Hourly wages for nursing home employees who provide direct care and services tend to be lower than wages for the same job titles in assisted living facilities and continuing care retirement communities, recent survey findings show. But salaries for leadership titles and director positions did not follow the same trend.
A staff nurse (RN) in a nursing home makes an average of $27.84 per hour versus a staff nurse in an assisted living facility, who makes $29.39 per hour — or roughly 5.6% less per hour, according to data released in the 20th annual Assisted Living Salary & Benefits Report, published by Hospital & Healthcare Compensation Service (HCS) this week. The comparable hourly wage in a CCRC was $28.90.
Licensed practical nurses (LPNs) in nursing homes make 6.8% less per hour than their assisted living counterparts, at $21.56 per hour versus $23.13 per hour in ALFs. Certified nurse aides (CNAs), resident assistants, medication aides, activity aides, housekeeping staff, laundry staff, and maintenance, transportation and dining services staff all take in lower hourly wages at nursing homes than at assisted living facilities, the survey shows.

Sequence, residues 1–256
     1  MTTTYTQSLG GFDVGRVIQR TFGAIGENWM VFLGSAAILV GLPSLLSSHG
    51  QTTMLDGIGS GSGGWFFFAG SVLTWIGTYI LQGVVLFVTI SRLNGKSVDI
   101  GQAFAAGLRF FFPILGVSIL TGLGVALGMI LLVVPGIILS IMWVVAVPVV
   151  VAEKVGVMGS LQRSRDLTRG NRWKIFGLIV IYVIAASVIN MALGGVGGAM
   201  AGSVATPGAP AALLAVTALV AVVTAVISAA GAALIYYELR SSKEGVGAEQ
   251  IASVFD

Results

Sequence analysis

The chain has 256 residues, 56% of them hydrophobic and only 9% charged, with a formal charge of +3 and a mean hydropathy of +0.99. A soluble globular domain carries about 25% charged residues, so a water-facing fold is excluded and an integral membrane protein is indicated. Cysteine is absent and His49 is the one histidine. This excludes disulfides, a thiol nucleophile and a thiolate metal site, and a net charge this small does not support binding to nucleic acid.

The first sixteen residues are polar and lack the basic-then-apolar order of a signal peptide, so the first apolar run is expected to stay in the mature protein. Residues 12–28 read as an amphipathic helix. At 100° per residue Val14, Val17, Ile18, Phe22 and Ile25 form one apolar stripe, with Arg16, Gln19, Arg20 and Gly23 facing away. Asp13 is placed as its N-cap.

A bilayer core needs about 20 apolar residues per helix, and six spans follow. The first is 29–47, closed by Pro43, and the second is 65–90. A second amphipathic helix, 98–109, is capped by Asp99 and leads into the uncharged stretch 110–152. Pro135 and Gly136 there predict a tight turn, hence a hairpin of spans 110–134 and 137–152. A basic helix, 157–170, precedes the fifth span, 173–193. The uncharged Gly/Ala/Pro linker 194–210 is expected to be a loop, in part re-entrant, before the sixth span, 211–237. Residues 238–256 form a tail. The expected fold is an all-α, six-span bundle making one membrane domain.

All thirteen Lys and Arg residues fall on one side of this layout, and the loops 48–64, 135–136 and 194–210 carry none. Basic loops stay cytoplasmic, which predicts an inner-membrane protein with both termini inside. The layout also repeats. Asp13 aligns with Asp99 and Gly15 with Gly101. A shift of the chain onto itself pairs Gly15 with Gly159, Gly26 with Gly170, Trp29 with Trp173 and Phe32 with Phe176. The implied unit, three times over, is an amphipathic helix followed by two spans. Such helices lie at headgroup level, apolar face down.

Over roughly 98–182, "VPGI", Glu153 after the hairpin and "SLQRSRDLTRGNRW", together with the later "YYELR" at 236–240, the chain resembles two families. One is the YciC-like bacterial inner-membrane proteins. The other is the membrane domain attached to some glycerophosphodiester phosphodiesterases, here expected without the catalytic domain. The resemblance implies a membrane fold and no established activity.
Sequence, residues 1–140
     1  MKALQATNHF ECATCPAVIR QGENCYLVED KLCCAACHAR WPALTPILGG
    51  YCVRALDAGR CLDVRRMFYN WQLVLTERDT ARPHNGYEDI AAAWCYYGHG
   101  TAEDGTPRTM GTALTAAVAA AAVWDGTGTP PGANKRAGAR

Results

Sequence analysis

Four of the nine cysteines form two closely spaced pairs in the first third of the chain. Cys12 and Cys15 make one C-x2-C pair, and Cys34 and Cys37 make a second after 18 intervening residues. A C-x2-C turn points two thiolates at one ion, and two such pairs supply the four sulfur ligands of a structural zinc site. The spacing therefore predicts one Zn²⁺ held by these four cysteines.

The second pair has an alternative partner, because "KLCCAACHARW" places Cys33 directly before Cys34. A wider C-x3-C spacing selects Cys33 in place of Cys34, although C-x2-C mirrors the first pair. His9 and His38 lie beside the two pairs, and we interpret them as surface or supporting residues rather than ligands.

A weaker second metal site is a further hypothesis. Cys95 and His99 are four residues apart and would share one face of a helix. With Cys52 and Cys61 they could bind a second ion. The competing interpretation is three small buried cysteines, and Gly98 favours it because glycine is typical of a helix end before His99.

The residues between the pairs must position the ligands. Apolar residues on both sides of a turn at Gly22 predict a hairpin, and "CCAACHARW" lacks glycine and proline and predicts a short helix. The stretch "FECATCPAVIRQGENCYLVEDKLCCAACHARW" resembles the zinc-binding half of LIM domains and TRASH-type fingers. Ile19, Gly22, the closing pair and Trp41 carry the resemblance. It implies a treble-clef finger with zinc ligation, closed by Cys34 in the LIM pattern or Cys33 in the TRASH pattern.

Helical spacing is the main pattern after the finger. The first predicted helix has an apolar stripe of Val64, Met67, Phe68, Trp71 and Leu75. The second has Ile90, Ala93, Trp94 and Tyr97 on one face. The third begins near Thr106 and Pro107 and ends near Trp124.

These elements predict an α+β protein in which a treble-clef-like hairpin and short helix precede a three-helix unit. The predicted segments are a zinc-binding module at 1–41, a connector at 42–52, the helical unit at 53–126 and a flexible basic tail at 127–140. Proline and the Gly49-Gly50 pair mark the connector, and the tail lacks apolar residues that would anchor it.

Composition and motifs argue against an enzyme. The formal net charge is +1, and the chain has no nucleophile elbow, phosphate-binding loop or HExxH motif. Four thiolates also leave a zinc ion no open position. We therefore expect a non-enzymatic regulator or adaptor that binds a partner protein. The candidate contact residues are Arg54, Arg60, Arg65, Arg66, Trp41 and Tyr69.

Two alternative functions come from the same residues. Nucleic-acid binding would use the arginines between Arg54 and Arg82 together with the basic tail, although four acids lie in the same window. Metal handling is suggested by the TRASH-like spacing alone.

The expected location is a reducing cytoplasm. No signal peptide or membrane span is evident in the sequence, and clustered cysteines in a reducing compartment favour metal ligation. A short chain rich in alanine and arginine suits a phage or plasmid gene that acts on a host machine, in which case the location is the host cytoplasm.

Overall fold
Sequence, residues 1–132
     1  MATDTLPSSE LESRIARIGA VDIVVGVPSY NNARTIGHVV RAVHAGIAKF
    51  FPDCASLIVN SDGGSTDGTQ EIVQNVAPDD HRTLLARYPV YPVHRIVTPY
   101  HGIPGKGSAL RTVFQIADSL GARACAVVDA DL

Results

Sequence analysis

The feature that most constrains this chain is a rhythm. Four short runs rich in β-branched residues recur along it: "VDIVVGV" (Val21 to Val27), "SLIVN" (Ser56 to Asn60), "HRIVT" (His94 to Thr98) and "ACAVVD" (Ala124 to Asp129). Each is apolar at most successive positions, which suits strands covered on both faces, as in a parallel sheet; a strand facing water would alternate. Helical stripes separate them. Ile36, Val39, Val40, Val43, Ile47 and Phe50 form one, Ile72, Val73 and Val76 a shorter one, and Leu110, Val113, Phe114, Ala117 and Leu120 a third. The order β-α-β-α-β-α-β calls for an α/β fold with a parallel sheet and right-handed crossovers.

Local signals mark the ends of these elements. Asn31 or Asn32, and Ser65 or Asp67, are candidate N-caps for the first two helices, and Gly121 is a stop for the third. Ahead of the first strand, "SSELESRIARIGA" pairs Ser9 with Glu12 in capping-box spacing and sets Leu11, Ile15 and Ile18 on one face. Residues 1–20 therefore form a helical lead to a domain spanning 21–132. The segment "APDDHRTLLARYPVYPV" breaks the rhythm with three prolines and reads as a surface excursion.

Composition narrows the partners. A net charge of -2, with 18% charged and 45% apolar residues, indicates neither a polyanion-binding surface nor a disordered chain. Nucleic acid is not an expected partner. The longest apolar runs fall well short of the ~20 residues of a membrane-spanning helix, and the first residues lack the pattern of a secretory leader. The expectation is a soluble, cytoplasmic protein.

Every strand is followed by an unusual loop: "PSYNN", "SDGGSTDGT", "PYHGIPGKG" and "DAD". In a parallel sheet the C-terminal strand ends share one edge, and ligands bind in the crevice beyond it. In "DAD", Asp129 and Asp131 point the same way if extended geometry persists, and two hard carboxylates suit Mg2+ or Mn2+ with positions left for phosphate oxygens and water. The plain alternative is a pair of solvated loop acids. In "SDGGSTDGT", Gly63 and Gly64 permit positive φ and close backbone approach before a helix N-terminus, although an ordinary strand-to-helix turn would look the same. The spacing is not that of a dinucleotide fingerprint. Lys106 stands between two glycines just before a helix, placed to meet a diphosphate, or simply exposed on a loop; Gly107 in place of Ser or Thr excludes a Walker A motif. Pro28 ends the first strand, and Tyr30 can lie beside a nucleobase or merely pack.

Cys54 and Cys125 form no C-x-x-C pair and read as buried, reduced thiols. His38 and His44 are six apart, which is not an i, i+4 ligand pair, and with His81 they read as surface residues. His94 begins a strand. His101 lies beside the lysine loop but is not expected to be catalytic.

Yet the discrepancy does not carry into leadership roles such as CEO, director of nursing and activity director — all of which receive higher salaries in nursing homes on average than they do in assisted living facilities.
Further, there were some positive findings for nurses working across care settings, perhaps due in part to falling national unemployment: The national average for LPN wages increased 2.88% year over year, with turnover rates declining slightly from 27.4% in 2016 to 26.6% in 2017.
Several key players in the skilled nursing mergers-and-acquisitions space identified wage pressures as a key issue for providers in 2018, as the still-booming economy gives workers more choices and bargaining power.
Findings of the survey were collected from 602 respondents throughout the U.S., with data effective October 2017. The report is published in cooperation with LeadingAge and supported by the National Center for Assisted Living (NCAL).
Written by Elizabeth Ecker